Can having a friend at work improve productivity and well-being? Indeed, we often find it challenging to build real, meaningful connections, especially with our co-workers or employees. “You, Me, We” tells us why we need to build real, lasting workplace connections for personal efficiency and organizational success.
The disconnect has worsened thanks to the COVID-19 pandemic, which isolated people from their workmates. This can impact efficiency since research demonstrates that lonely employees tend to feel less productive and unmotivated. Yet, most companies do not implement the idea of building proactive friendships at the workplace to improve morale and productivity.
You, Me, We is an effort by the authors Morag Barrett, Eric Spencer, and Ruby Vesely. It aims to offer useful insight into the need for building genuine, proactive connections at workplaces. And how transitioning from a ‘me-first’ mindset to a ‘we-first’ approach can drive success for the employees and businesses.
A study conducted by Tom Rath, a former Gallup global practice leader, revealed that employees with at least three reliable friendships at work are about seven times more dedicated to their jobs. In addition to improving performance outcomes, having friends at the workplace will likely boost your life satisfaction by 96%. It also reduces the risk of the onset of health conditions like type 2 diabetes, hypertension, and Alzheimer’s disease.
Friendships are a smart business move. The ability to form deep connections with colleagues, bosses, clients, etc., vastly improves your work and work experience.
People who have close friends at work are seven times more likely to be engaged in their jobs, leading to less absenteeism (41%), higher productivity (17%), and greater profitability (21%).
“Having best friends at work will make you 96 percent more likely to be extremely satisfied with your life, cut in half your chance of dying of heart disease, accelerate your body’s ability to heal, and reduce the possibility that you’ll ever suffer from ill effects of Alzheimer’s disease, certain cancers, type 2 diabetes, and osteoporosis.”Morag Barrett, Eric Spencer, and Ruby Vesely in You, Me, We.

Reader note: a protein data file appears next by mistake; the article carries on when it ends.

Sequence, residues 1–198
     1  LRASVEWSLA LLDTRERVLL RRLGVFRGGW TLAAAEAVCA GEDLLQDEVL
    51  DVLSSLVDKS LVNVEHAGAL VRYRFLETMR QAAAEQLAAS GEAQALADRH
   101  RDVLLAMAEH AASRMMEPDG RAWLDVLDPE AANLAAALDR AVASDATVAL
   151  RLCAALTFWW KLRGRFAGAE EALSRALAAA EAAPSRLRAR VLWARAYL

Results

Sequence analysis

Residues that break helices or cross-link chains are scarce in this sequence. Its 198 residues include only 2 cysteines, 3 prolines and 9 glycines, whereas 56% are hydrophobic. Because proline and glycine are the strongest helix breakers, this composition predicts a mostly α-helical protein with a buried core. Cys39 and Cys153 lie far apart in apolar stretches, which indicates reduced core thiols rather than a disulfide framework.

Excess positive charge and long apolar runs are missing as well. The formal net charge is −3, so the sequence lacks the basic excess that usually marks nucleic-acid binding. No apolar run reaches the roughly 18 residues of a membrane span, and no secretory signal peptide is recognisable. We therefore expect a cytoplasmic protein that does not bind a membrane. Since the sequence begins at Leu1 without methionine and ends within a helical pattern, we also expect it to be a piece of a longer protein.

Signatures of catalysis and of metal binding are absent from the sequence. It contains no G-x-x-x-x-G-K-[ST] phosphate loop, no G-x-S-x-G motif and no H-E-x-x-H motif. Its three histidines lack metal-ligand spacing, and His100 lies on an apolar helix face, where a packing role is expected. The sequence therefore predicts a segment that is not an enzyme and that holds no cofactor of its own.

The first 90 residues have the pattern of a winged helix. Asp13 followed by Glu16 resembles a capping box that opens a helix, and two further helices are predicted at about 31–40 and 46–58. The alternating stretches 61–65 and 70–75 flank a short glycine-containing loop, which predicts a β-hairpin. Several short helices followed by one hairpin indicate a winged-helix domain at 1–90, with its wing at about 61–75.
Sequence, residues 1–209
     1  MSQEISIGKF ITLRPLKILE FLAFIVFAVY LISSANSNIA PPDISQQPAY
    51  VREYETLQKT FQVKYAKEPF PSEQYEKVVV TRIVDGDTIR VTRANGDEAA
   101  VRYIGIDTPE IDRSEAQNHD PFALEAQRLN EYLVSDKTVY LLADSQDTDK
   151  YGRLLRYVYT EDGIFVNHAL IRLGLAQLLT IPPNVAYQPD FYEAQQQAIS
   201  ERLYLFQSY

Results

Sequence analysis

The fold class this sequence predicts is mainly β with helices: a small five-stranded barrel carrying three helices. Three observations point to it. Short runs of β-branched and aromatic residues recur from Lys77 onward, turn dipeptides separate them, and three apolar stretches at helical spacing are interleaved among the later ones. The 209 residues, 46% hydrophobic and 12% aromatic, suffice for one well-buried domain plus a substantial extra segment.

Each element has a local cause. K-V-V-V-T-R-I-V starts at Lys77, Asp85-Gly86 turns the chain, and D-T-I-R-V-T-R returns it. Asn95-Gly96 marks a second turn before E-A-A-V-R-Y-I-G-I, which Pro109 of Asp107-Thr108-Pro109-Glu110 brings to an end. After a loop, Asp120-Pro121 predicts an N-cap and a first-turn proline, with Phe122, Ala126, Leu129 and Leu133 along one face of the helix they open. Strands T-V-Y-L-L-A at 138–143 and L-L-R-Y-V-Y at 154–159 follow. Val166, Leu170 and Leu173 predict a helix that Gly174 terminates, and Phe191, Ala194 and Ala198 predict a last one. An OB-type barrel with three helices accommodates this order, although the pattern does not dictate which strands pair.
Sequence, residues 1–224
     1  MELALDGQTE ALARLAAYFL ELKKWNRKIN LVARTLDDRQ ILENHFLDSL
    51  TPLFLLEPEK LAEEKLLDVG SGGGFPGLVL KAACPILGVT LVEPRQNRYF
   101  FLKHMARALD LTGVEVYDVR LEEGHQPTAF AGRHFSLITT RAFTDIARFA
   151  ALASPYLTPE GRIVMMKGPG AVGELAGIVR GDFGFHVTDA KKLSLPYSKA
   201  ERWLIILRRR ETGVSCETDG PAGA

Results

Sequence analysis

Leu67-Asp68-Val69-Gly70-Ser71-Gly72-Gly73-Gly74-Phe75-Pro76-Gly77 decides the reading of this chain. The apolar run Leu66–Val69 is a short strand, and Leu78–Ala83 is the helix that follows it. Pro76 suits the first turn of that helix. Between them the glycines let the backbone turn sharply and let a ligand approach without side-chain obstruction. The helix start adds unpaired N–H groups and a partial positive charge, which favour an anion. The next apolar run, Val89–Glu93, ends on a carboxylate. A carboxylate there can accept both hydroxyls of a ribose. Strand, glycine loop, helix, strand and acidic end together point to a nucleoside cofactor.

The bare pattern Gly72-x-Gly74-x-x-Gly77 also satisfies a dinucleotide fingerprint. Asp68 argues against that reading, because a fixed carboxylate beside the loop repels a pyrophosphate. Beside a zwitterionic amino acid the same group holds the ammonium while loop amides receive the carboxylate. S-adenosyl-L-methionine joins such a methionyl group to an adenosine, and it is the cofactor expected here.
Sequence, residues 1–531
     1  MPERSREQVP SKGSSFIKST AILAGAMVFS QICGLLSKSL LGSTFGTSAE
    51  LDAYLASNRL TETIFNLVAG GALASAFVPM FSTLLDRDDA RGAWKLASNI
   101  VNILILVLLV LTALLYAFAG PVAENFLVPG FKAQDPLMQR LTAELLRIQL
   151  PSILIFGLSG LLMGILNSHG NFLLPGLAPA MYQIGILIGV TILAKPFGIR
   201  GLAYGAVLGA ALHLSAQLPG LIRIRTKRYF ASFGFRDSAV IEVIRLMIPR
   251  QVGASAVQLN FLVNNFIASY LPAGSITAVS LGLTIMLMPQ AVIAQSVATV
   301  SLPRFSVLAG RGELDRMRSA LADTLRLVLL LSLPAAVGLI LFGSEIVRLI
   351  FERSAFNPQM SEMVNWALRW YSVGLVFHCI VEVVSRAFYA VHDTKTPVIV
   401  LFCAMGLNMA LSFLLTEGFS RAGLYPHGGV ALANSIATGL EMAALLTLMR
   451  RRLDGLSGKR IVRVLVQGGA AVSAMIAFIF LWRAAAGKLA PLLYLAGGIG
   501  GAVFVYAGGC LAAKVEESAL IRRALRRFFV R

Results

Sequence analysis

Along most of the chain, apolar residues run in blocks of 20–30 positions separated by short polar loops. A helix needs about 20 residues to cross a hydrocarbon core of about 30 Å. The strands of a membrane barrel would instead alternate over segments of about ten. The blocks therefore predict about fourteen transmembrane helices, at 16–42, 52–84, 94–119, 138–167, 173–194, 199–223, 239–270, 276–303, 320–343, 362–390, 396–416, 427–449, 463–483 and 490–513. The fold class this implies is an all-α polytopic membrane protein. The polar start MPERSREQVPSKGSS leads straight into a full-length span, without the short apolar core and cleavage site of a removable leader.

Why Do We Need Friends at the Workplace?
Relationships are the true currency for success.Morag Barrett, Eric Spencer, and Ruby Vesely in You, Me, We.
At the outset of the book, Morag suggests that workplace friendships are essential and “Relationships are the true currency for success.” While effective work relationships do wonders for business outcomes, a toxic workplace environment can heighten workplace stress and hamper project success.
Morag recollected the discomfort amidst the management at different organizations when Gallup released the Q12 employee engagement survey. One of the questions – Q10, which is also the core topic illustrated in You, Me, We – was, “Do you have a best friend at work?”
Gallup observed that employees who admit to having a close friend at work are likely to be more productive and driven. The data review also revealed that employees with real connections feel more supported by their peers and are more likely to appreciate a colleague’s performance.
What Is the Ally Mindset?
The Ally Mindset forms the core of You, Me, We. Developed by Morag in her previous book, Cultivate: The Power of Winning Relationships, the Ally Mindset determines how we present ourselves in the relationships that are most important to us. It makes the difference between being there for each other during tough times and undermining each other to compete for the spotlight.
The Ally Mindset relies on five practices:
- Abundance and generosity,
- Connection and compassion,
- Courage and vulnerability,
- Candor and debate,
- And action and accountability.
It banks on driving intentionality, suggesting that we must feel, think and perform in a way that ensures the health of the relationships and achieves the desired business results.
Major Takeaways From You, Me, We
This book aims to place the ideology “How do I show up in every situation as an ally” to the forefront for implementation at an organization, whether it’s for its leaders, executives, employees, and workmates.
Here are some principles that can help you implement the Ally Mindset in your professional relationships:
1. A Positive Attitude Towards Abundance Is Key to Success